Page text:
The Syrian government reportedly gave YPG forces time to vacate Sheikh Maqsoud neighborhood of Aleppo until the end of December.
The Kurdish forces will have to hand over control of their enclave in Sheikh Maqsoud neighborhood in the Syrian city of Aleppo to the Syrian government, the Kurdish Rudaw media network reported, citing a military analyst allegedly close to the Syrian president, Ali Maqsud.
According to Maqsud, after the liberation of the eastern part of Aleppo, the government will take control of the whole city and prompt the People’s Protection Units (YPG) to hand over their positions in Aleppo to the Syrian army.
As the analyst told Rudaw, the Syrian authorities held a series of meetings with Kurdish leaders and gave them time to vacate the city until the end of December.
However, this information has not been officially confirmed by the YPG or the Syrian government.
— Rudaw English (@RudawEnglish) December 22, 2016
Currently, Sheikh Maqsoud neighborhood is the only area of Aleppo, which is not controlled by Damascus. It is a predominantly Kurdish area, which is under the control and protection of the YPG (alsk known as the Syrian Democratic Forces (SDF) in the mainstream media). As the World Food Programme (WFP) reported last week, more than 10,000 civilians also stay in the neighborhood now.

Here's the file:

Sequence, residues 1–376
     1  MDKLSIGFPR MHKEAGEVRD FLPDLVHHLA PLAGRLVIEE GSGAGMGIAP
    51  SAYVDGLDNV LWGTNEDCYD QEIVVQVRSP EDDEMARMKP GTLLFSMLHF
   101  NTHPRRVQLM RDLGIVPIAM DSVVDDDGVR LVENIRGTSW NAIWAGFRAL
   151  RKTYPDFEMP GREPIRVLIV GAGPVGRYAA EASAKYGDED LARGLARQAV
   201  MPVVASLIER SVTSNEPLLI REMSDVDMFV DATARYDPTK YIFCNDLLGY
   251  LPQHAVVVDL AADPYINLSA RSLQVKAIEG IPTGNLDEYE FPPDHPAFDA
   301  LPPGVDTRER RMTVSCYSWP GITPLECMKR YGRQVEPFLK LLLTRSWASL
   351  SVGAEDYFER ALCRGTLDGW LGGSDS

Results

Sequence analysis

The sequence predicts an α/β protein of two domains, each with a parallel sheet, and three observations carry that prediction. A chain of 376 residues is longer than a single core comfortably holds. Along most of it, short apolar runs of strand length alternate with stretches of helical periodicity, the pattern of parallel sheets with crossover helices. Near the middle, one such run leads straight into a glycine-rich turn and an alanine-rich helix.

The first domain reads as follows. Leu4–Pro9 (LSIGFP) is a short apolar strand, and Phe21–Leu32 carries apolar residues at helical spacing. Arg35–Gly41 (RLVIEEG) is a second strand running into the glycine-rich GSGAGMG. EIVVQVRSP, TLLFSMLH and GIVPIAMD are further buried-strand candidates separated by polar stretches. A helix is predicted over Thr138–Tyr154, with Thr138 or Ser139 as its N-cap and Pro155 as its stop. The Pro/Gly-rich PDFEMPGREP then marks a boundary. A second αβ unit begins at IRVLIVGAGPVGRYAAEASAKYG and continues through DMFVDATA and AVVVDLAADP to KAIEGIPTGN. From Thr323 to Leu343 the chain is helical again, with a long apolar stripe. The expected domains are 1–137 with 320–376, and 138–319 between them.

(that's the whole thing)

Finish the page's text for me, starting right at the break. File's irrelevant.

Reportedly, the YPG have accepted Fatah Halab militants into their Ranks in Aleppo and it became the main reason of such a step of the Syrian government.
According to reports, the first group of 250 fighters of Fatah Halab, who earlier broke through or found an asylum in Sheikh Maqsoud, has already joined to a local group of the YPG/SDF. In addition, currently, fighters of other militant groups from eastern Aleppo, who expressed a desire to join the YPG/SDF, are being tested in order to be accepted. According to reports, in total, 11 Fatah Halab groups of different sizes, who chose to stay in their hometown, have arrived to the Kurdish neighborhood.
The YPG in Aleppo has chosen a way to replenish their ranks with fighters, who oppose the Syrian government. It’s clear that the Syrian military sees the YPG/SDF new members as a threat to the civilian population of Aleppo.
Sporadic clashes have occured between the Syrian Armed Forces and the YPG during the six-year war, but they largely avoided sustained confrontation.